I woke up at about 9 o’clock in the morning on April the 8th, 1986 with the nightmare
of the accident flashing through my mind. I felt numb and exhausted. Grief and
sorrow washed over me as the reality of the accident began to haunt me once again. Before the end of the day, I would face a horror few people have ever
experienced — committing to the ground the remains of my entire family. A week
had passed since the terrible accident that claimed the lives of my husband and our
three precious children. Today, I must bury them. Today, I’ll have to watch their
caskets being lowered into their graves.
Today…I don’t know if I’ll get over today.
Something felt contrary to nature here. How could I bury the children I brought
into the world? They were supposed to bury me, not the other way around. I did not
want to see their caskets. I am not even supposed to see their caskets. And yet
today, I have to.
I had fed them, cared for them, wiped their noses, dried their tears, and loved
them with all my heart. They were so young and tender. Temple had just turned
eight. The twins were not yet three. Oh, my children, I wished that I had died in your
My husband died in the same accident, leaving only me to mourn all of them
together at the same time. He had been a good and capable husband, always
smiling and caring for everyone, and suddenly, he was gone, leaving me to gather
up the remaining pieces. How I wanted to hear his comforting words and cry on his
Nine days ago, Johnny, the children, and I were a family. Our future was filled
with hope and anticipation.
Then, tragedy struck.
We were driving back from Fayetteville, Arkansas, to our home in Lincoln,
Nebraska. As we were approaching a construction zone, a drunk driver struck our
car from behind. The impact sparked a fire that took away the lives of my husband
and our dear young ones before my eyes. I was the lone survivor.
Is there room in my heart to forgive the man who killed my family in their
prime? Is there some criteria he must meet before I must bestow my forgiveness on
him? These are the questions I kept asking myself.
As difficult a decision as it was, I knew from within that I had to forgive. I told
myself that it must have been an accident, and that he did not actually mean to hurt
my family. It just happened. By mistake. After all, to err is human.
After two or three days of grappling with this issue, I resolved to forgive him.
This decision was based on the general view of the Bible that we are meant to
forgive. It was time for the issue to be laid to rest.
A few days later, I read in the Lincoln Star, the daily newspaper of Lincoln,
Nebraska, that the young man’s blood alcohol level had exceeded the legal limit. I
became furious. This was no longer an accident. It was blatant murder! My resolve
to forgive was shaken. Drinking and driving…how could he be drinking and driving?
Anger welled up inside me. The deaths of my family members could have been
avoided. My family could have been alive today if it weren’t for him. His drinking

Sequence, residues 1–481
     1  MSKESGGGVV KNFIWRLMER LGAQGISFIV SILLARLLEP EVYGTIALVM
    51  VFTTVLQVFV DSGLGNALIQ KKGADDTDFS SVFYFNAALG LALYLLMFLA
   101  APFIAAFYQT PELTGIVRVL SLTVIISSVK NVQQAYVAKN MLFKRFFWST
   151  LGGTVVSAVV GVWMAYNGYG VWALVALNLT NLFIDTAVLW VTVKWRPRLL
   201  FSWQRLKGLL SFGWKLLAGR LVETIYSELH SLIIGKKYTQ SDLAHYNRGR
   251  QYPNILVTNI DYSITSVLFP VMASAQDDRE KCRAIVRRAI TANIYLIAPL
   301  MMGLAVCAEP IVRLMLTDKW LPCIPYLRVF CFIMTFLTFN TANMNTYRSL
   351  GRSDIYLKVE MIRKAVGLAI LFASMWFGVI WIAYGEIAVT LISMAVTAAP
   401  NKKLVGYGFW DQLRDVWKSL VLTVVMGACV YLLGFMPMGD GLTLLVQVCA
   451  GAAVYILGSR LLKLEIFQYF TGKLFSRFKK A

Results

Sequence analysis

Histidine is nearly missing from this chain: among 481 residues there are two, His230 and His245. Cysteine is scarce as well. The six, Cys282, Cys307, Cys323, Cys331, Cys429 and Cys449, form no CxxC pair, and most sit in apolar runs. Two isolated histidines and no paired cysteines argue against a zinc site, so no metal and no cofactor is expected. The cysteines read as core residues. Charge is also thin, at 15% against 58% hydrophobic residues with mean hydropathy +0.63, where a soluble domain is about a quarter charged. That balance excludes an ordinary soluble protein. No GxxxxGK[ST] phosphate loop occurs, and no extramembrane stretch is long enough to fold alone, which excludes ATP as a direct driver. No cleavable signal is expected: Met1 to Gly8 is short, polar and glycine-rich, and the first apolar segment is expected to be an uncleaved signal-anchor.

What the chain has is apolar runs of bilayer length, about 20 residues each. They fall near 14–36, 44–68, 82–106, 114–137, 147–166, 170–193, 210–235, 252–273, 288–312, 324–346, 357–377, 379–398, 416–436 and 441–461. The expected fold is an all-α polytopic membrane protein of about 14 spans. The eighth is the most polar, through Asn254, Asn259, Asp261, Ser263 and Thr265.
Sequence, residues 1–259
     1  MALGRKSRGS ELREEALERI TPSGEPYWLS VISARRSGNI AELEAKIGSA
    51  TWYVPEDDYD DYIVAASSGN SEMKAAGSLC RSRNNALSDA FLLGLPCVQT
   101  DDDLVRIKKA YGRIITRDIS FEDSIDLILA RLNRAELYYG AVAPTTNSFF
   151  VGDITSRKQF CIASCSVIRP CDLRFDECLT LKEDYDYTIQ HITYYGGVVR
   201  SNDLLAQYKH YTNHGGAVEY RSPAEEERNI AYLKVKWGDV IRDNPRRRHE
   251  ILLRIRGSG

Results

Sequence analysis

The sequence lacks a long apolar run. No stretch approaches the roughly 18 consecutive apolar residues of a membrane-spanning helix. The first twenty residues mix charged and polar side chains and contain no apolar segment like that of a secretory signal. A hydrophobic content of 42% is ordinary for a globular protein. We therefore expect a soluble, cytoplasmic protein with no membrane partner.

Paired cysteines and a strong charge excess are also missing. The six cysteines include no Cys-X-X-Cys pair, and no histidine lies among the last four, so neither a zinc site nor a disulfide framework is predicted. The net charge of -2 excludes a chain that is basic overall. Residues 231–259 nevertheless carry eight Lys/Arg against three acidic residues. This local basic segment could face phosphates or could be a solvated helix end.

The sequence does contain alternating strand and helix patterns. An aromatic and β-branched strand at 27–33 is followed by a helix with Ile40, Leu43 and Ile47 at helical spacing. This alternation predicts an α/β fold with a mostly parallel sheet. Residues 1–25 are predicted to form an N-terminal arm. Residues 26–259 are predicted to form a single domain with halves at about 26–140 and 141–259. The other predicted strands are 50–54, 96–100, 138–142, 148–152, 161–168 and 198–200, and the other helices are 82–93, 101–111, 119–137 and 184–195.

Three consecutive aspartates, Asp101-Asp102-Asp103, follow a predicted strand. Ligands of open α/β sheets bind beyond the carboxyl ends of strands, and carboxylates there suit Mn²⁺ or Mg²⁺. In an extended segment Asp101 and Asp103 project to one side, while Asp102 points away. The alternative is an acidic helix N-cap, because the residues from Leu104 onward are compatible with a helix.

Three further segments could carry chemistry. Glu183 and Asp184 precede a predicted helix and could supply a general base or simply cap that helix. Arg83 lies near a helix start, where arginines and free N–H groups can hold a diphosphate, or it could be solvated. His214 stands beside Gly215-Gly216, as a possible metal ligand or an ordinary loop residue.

problem had deprived me of my family. His drinking problem had obliterated all the
dreams Johnny and I had for our future.
It was not until ten months later that the Lord used my therapist, Beverly Jones,
to bring out this unforgiving spirit in my heart. During counseling, Beverly probed me
about my reaction to this man, the one who took my family away from me. I tried to
convince her that I had truly forgiven him, but she noticed the hollowness of my
conviction to forgive. She asked me insightful questions that I answered as truthfully
as I could. She noticed that I was apathetic toward him. I did not care about him. I
did not care if he was alive or dead. Thinking of him was a waste of my thoughts.
But Beverly was such a good counselor; she pointed out that my apathy denoted a
lack of forgiveness.
At first, I argued. I remembered how I had resolved to forgive him two years
earlier. I tried to make Beverly see that I had truly forgiven his transgression. But by
repeating the very words that had come out of my mouth, she convinced me that I
was deceiving myself.
Suddenly, as if scales fell from my eyes, I realized that I had been burying the
ill feelings; I had not released him.
Beverly told me to come to her apartment, where she would counsel me free of
charge. Both of us were in the seminary at Oral Roberts University, Tulsa,
Oklahoma (USA). She was majoring in counseling while I was majoring in theology.
She guided me through a process that would lead me to forgive him. She asked me
to release him and let him go. I later learned that the English word “forgive,”
translated from the Greek, means to let go or release. She told me to follow it up
with a confession.
And so I began to confess aloud, “James, you are forgiven. I forgive you, in
Jesus’ name.” At first, I did not like the idea. I felt uneasy and indeed reluctant. But I
persisted. And, as if by miracle, I began to experience the joy of forgiving others, as
Christ has forgiven me.
I was free.